Price and Crawshay cemented their friendship when in 1841 Laura Crawshay, the ironmaster’s wife, came close to death whilst in childbirth. At a time prior to antibiotics and anaesthetic, Price’s decision to perform a Caesarian section would undoubtedly lead to either mother, baby or both not surviving the ordeal. Laid on the kitchen table in Forest House, Laura underwent the traumatic surgery at the hands of Price who was both fast and accurate and despite all odds remarkably saved the lives of both mother and child.
Price will be remembered as a kind and deeply caring individual who felt very strongly about the impact that industrialisation was having on the health of the working classes. In equal measure he condemned injustice, often seeing through the Victorian façade for what it really was. He fought hard for better conditions and became a pioneer in creating a social health care system. Whilst at the Newbridge Chainworks he formed a service whereby workers paid him when they were well and he treated them for free when they were sick.
Such an organisation became increasingly popular throughout the Welsh coalfields, resulting in the establishment of medical societies, such as the Tredegar Workmen’s Medical Aid Society which greatly influenced the town’s proudest son, Aneurin Bevan when forming the National Health Service. Outspoken in his beliefs, Price argued many fellow practitioners were nothing but ‘poison peddlers’, making their money selling drugs and profiting off the sick rather than tackling the cause of the illness. Price advocated natural medicines wherever possible, vegetarianism, healthy food, fresh air, exercise and refused to treat smokers.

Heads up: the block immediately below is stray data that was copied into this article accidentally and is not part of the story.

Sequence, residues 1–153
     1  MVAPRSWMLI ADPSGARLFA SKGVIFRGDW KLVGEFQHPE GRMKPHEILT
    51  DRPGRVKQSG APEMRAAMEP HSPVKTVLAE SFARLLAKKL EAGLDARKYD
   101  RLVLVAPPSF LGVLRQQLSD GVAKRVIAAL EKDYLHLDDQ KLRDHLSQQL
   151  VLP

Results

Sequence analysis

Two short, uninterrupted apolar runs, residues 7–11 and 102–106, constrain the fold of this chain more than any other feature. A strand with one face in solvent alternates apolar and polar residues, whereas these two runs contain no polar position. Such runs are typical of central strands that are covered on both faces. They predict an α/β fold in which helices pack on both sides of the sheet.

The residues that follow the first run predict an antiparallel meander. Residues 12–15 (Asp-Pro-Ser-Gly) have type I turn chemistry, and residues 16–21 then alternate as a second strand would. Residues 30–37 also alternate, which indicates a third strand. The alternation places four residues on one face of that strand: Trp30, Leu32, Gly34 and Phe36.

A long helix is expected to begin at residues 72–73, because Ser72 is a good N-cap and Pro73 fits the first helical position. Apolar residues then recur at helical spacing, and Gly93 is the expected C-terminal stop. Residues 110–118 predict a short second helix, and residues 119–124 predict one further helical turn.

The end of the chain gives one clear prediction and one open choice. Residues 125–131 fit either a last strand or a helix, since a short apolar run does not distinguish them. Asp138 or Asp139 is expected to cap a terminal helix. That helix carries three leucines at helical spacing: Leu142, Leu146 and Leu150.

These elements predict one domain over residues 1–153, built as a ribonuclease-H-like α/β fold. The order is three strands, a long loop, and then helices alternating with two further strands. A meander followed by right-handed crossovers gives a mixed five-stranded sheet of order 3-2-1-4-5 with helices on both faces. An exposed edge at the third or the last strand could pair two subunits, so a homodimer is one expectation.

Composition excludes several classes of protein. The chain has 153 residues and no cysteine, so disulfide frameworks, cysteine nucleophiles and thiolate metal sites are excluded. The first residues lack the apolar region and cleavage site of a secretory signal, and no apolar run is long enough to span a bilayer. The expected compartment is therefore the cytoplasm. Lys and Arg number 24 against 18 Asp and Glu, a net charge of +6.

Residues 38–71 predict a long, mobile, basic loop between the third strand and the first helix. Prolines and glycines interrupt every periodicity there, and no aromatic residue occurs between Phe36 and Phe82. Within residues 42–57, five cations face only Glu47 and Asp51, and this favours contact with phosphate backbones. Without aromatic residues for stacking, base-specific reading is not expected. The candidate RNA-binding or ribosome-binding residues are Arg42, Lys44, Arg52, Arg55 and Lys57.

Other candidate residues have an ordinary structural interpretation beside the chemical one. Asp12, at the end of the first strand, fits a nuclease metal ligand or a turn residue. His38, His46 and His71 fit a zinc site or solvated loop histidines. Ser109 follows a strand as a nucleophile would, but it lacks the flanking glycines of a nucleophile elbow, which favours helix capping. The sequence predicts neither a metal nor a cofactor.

Price was also something of an early feminist, arguing that marriage enslaved women, denied them property, rights and independence. He was quick to admonish the non-conformist deacons and ministers who spouted their fire and brimstone from the pulpit at the plight of the unmarried mother. Although given his support of free love, it may seem ironic that he was probably the reason some of them were pregnant in the first place!